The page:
Keeping Legumes in Pasture Stands Longer

Project Title

Sustaining the Legume Component of Grazed Pasture Mixtures for Summer Grazing and Stockpiling Complex Mixtures in Eastern Canada


Yousef Papadopoulos Ph.D.

Yousef Papadopoulos Ph.D., John Duynisveld, Gilles Bélanger, Ph.D., Gaëtan Tremblay, Ph.D., Marie-Noëlle Thivierge Ph.D., Julie Lajeunesse, Denis Angers Ph.D.,Tanya Dykens, Abdelali Hannoufa Ph.D. (Agriculture and Agri-Food Canada), Carole Lafrenière, Ph.D. (Université du Québec en Abitibi-Témiscamingue) Alan Fredeen, Ph.D. (Dalhousie University), Ira Mandell, Ph.D. (University of Guelph),Bill Thomas, Jonathan Wort (Perennia), Les Halliday, Ph.D. (PEI Department of Agriculture), Zhongmin Dong Ph.D. (Saint Mary's University), Huguette Martel (Ministère de l'Agriculture, de l'Alimentation et des Pêcherie du Québec); David Dykstra (New Brunswick Department of Agriculture, Aquaculture and Fisheries)

Status Project Code
In progress. Results expected in March, 2023 FRG.09.17


Results from previous Beef Science Cluster projects have identified legume-grass mixtures that perform well in Central and Eastern Canada. However, the legumes have quickly dropped out of the mixed stands, leading to a decline in pasture and animal productivity. The potential ability to establish legumes using sod- or frost-seeding has been demonstrated, but results are variable and likely depend on grazing and fertility management. Carbon sequestration in soil organic matter can also be enhanced by adding legumes to grassland. Overcoming challenges related to legume establishment, seedling vigor, acidic soils, and moisture extremes would help keep legumes in pasture stands and benefit pasture health, carbon sequestration and animal productivity.


  • To increase the amount of herbage yield and quality of complex pasture mixtures through nutrient management strategies, refined grazing management, novel and enhanced stand renovation technologies, and plant genetics. Researchers will also identify cultivars and new germplasm with significant adaptation to grazing, extreme weather events, and/or negative soil attributes. Complex mixtures of legumes and grasses will be stockpiled for extended grazing and a database of soil nutrient changes in response to management as it relates to soil carbon sequestration and impact on pasture productivity will be developed.

What They Will Do

Alfalfa, trefoil or red clover cultivars will be grown in growth cabinets with and without seaweed extract, oligo-chitin, or oligo-chitosan as growth promotants. Germination rates, emergence, seedling vigor, plant height, regrowth and root morphology will be recorded. Results will be field tested at Nappan, Normandin and Quebec City over 3 years.

To evaluate seeding method and grazing intensity and frequency on forage legume renovation, alfalfa and trefoil (three cultivars each) will be frost- vs. sod-seeded at Nappan, Normandin and Quebec City. Once established, the stands will either be mechanically harvested three times per season or rotationally grazed (high stocking density, low stocking density or fall stockpiled). Legume density, plant composition and yield will be evaluated.

To evaluate the effect of grazing management on legume establishment and persistence, animal performance, and soil carbon dynamics, 12 paddocks will be overseeded with alfalfa or trefoil (three cultivars each), then grazed at high (moved twice daily), medium (moved every 4 days) or low density (moved every 8 days). Growth rate, backfat, grazing days, forage yield, quality and composition will be measured. Soil will be assessed for carbon, nitrogen and over a five-year period.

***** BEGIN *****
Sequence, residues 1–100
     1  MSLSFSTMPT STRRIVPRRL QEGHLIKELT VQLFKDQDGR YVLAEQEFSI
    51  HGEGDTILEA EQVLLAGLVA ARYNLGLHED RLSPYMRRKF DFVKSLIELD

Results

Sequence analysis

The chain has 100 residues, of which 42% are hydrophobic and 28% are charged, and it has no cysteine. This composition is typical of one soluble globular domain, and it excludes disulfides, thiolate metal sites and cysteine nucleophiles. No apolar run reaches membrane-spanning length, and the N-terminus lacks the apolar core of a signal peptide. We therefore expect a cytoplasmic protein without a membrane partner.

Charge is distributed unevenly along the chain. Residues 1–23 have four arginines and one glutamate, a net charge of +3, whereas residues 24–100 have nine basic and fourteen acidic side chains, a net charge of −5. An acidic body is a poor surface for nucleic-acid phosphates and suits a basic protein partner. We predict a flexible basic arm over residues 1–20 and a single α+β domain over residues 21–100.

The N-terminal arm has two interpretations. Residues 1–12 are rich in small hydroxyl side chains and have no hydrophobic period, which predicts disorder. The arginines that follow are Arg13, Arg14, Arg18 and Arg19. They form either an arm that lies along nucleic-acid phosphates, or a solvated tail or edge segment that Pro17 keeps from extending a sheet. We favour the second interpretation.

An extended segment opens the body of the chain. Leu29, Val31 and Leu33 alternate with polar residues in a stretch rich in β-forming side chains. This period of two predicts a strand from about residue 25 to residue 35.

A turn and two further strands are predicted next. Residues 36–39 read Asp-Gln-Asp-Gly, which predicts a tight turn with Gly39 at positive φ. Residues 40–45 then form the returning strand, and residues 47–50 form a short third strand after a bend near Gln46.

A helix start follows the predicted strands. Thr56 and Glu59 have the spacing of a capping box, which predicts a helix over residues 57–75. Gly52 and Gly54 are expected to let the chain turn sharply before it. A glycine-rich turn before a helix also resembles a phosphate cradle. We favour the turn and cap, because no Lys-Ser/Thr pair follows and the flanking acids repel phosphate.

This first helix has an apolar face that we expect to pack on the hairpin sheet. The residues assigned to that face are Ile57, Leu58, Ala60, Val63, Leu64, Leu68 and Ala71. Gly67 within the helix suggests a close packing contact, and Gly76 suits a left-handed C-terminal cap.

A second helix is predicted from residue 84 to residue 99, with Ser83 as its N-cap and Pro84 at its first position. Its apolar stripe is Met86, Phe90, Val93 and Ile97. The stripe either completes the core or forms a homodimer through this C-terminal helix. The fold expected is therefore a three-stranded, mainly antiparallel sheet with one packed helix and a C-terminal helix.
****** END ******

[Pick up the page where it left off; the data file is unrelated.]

To identify new breeding lines of alfalfa, trefoil and red clover with adaptation to acidic soil conditions, cultivars of each will be hydroponically grown at acidic or neutral pH. Plants and roots will be sampled after 1, 7 and 14 days. Some plants will be transplanted to a field with acidic soil, and bloom dates,

seedling vigor and yield will be assessed to identify superior cultivars.

To identify new breeding lines of alfalfa, trefoil and red clover with adaptation to waterlogged soil conditions, similar experiments will be conducted in field plots where water levels can be controlled and varied.

To assess fertility management to increase the persistence of forage legumes on marginal soils, alfalfa, birdsfoot trefoil and red clover will be frost- or sod-seeded into acidic or limed soils at Nappan and Normandin and subjected to three fertilizer regimens: 0 vs. 25 vs. 80 kg nitrogen/Ha, 120 kg potassium/Ha vs. soil test recommendations, or 0 vs. supplemental supplemental. Legume density, composition and yield will be assessed.

Researchers will then look at over-seeding legumes into existing complex mixtures for late fall grazing. Timothy or tall fescue pastures at Nappan, New Liskeard and Normandin will be seeded with strips of alfalfa, trefoil or red clover. Pastures will be grazed or cut until mid-summer, then stockpiled until November. Legume persistence, yield, and quality will be evaluated over 3 years.

Finally, legumes will be over-seeded into naturalized pastures for late fall grazing. Naturalized pastures at Agriculture Agri-Food Canada Nappan or the University of Guelph will be sod-seeded with trefoil, tall fescue and timothy or with alfalfa, tall fescue and timothy in spring. Weaned calves will be grazed in late fall. Animal growth, forage yield, quality, establishment and persistence of seeded species will be evaluated over three years.


This project will identify legume genetics, seeding practices, and grazing management practices that will enable legumes to become established and maintained in mixed grass pastures on marginal lands to improve the competitiveness of Central and Atlantic Canada’s forage and beef sectors.